Did I create my own prison of depression?

You know,  that’s a  great question for us who have been , or who are presently depressed.  My own reflections about my own experience with depression wasn’t a question that I  asked myself. Actually, that came later in my recovery.  I  really didn’t care who or what  created it – all I knew was I had to get rid of it.  In fact, the experience was much like Noah’s  in the belly of the whale.  I was just walking along one day minding my own business, and suddenly bam! physically feeling swallowed  up by some  invisible  creature who  was devouring me. And that was that. From that  moment on, the feeling continued to overwhelm  me for the next year and half.

Because I had no label to pin on this “whatever it was,”  and I thought nothing important to talk to  anyone  about, but only that the  feeling of helplessness had me locked down.  Oh, I still went to work, trudged through Graduate studies and continued my relationship with others, never revealing my interior mysterious  sense of isolation and despair.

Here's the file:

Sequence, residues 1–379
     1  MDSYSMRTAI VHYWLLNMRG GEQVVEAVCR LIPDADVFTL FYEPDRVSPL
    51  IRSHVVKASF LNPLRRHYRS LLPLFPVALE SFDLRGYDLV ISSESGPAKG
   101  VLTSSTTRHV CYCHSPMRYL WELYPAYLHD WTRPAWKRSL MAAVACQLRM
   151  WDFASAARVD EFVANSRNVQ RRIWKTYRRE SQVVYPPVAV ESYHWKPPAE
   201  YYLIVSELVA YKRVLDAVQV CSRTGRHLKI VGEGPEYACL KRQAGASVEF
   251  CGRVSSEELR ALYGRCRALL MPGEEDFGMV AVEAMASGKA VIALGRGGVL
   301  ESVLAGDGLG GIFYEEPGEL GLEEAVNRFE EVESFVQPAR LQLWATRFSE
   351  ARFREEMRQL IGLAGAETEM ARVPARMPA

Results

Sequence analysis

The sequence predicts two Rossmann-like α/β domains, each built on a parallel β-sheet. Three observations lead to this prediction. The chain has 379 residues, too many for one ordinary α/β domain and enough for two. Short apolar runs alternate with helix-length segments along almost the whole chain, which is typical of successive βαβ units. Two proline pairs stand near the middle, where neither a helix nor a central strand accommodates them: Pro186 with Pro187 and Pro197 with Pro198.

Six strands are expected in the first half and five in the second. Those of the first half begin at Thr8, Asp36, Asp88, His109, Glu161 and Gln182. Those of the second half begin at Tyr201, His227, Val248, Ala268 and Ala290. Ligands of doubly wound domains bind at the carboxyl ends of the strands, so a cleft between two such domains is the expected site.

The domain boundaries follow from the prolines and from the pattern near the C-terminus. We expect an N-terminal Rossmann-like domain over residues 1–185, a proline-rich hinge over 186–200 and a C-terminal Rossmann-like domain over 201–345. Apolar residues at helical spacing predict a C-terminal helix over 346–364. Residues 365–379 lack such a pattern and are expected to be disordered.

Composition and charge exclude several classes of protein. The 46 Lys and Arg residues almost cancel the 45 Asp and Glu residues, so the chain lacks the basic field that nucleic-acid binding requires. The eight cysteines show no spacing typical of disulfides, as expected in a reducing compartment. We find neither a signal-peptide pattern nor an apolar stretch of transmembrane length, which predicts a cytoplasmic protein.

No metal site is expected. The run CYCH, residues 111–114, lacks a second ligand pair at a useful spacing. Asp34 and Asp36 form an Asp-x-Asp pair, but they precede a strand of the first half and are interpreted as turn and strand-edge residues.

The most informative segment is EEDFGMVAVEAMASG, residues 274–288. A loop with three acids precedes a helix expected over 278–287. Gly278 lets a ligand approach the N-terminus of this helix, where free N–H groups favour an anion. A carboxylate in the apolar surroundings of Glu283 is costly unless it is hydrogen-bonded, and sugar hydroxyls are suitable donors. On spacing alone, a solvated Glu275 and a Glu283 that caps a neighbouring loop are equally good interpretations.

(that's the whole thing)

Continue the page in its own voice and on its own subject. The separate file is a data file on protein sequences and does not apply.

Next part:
My only distraction was to get up early every morning( biggest challenge of the day) and walk for miles, round and round,  thankful I was still able to function.

Long story short, during this period,  I gradually felt   small lift’s in my spirit but they never lasted. So I continued walking until I managed to walk out of the fog. I was feeling hopeful again,  able to face life with hope. Finally feeling fully freed from the  hopelessness that had isolated me from my world, disconnecting  me from everything, everybody, even myself. That was then.

Now reaching back into the past, looking at my life before ”  whatever it was” that had me,  I began  discovering that I’d unconsciously constructed my own prison and confinement. My ruminating on fearful scenarios of losing my job, not able to handle     negative life issues and constant  frightful thinking plus the  continuous feeling deep painful moods, all grinding my body, mind and spirit into the ground. The feeling, best described this  is  like  someone scraping  their  fingernails on  a blackboard all day  without end.  If you are old enough to remember this particular feeling, (or even a blackboard)  then you know it was that painful knife-like  feeling thrust through your stomach that echoed throughout your whole body. Well, that was the way I felt all the time, particularly in the morning each day.  I wanted never to get up. Here is where motivation  follows action . Move the body and the mind will follow.